Business Technology

Constant vigilance: Don’t fall for email impersonation fraud

2 min read

23 January 2017

Former deputy editor

A new campaign from Barclays has warned SMEs to stay vigilant against email impersonation fraud, detailing the alarming financial damage the online attacks can cause.

The bank cited National Fraud Intelligence Bureau data as it revealed email impersonation fraud has cost UK companies some £32m. It warned that the cyber attack is increasing in usage, which is why SMEs must stay vigilant lest they risk being hacked.

Email impersonation fraud may seem legitimate, but scams will have employees receive requests from “bosses” for sudden money transfers.

Social media has been highlighted as a tool used for the online crime wave, with fraudsters doing their research on companies and individuals through social networking accounts.

“Prevention is of upmost importance in putting a stop to this crime – companies need to consider fraud as critical to their business operation as cost or cash flow,” said Adam Rowse, head of business banking at Barclays.

“We want to help businesses by providing information and guidance to keep their money safe from any attack and to fight back against the fraudsters. With the number of customers going online rapidly rising the issue of fraud prevention has never been more important.”

In order to prevent these attacks, Barclays has encouraged businesses to discuss the issue with its staff. This will include considering how they can be more vigilant about what is being shared publically, so that hackers have limited information resource.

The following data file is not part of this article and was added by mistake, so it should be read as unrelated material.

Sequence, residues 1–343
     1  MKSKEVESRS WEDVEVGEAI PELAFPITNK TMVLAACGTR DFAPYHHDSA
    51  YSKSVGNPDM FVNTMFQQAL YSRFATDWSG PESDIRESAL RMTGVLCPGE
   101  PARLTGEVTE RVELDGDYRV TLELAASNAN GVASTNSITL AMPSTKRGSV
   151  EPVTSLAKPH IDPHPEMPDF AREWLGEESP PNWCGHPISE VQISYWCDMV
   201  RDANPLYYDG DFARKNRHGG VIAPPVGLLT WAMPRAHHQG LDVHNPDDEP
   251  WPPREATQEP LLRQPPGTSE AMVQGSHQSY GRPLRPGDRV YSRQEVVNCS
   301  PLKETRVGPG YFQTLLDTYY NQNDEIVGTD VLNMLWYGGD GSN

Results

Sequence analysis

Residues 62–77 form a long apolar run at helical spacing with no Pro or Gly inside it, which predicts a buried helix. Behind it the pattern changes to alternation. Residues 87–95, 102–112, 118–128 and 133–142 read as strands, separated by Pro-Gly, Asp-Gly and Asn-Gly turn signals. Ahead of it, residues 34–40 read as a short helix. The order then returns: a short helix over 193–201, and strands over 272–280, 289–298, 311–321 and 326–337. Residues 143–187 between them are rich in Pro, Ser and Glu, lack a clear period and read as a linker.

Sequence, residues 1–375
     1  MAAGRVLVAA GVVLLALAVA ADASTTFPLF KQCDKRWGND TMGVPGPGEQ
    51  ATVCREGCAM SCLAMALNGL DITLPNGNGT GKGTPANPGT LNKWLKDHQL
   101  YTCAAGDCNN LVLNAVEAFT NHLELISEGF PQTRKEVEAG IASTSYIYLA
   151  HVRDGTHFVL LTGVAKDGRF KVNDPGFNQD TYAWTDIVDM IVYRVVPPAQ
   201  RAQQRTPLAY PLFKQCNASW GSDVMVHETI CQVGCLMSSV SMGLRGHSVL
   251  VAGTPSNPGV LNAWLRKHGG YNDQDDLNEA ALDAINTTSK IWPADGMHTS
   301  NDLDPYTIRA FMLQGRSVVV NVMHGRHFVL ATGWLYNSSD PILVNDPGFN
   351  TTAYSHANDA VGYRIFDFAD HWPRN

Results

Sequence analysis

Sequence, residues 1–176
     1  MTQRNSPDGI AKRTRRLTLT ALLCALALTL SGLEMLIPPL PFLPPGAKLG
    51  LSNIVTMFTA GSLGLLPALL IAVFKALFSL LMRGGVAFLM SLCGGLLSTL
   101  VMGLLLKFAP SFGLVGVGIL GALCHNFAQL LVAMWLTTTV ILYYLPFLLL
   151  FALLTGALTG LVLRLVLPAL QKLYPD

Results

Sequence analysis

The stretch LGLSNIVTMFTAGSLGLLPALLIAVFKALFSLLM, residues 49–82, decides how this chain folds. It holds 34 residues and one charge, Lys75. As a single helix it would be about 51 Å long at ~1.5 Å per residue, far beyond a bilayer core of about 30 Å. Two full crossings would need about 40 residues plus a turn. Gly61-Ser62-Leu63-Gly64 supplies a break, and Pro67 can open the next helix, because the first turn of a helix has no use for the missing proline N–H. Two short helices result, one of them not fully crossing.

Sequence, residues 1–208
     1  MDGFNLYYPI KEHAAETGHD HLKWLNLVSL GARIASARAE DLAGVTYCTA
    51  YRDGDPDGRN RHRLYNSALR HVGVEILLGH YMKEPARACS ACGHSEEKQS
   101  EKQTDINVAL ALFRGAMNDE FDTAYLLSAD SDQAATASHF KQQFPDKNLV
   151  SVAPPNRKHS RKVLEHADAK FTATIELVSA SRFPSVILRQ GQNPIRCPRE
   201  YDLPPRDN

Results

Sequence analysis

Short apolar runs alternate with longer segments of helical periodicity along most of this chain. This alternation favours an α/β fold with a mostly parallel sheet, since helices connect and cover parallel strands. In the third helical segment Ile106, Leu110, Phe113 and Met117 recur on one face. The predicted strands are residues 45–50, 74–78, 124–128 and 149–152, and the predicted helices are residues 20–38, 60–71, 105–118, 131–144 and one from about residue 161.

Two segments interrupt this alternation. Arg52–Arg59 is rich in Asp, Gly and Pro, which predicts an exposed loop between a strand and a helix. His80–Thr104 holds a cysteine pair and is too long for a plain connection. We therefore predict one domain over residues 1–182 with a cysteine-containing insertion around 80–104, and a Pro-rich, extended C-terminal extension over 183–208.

In addition, the bank will provide free cyber security workshops nationwide to teach SMEs about methods of scams, such as email impersonation fraud, that businesses could be harmed by and how to prevent attacks.

This comes after Barclays and the IOD found last year that 91 per cent of business leaders said cyber security was important, though just 57 per cent had a protection strategy. Furthermore, only 20 per cent have insurance for attacks.

One of the top recommendations to stay safe was to keep contact details with banks updated, so that businesses are easily reachable should suspicious activity be detected. Barclays also warned to use caution with unsolicited emails, making sure anything that looks dubious is verified directly before taking any action.

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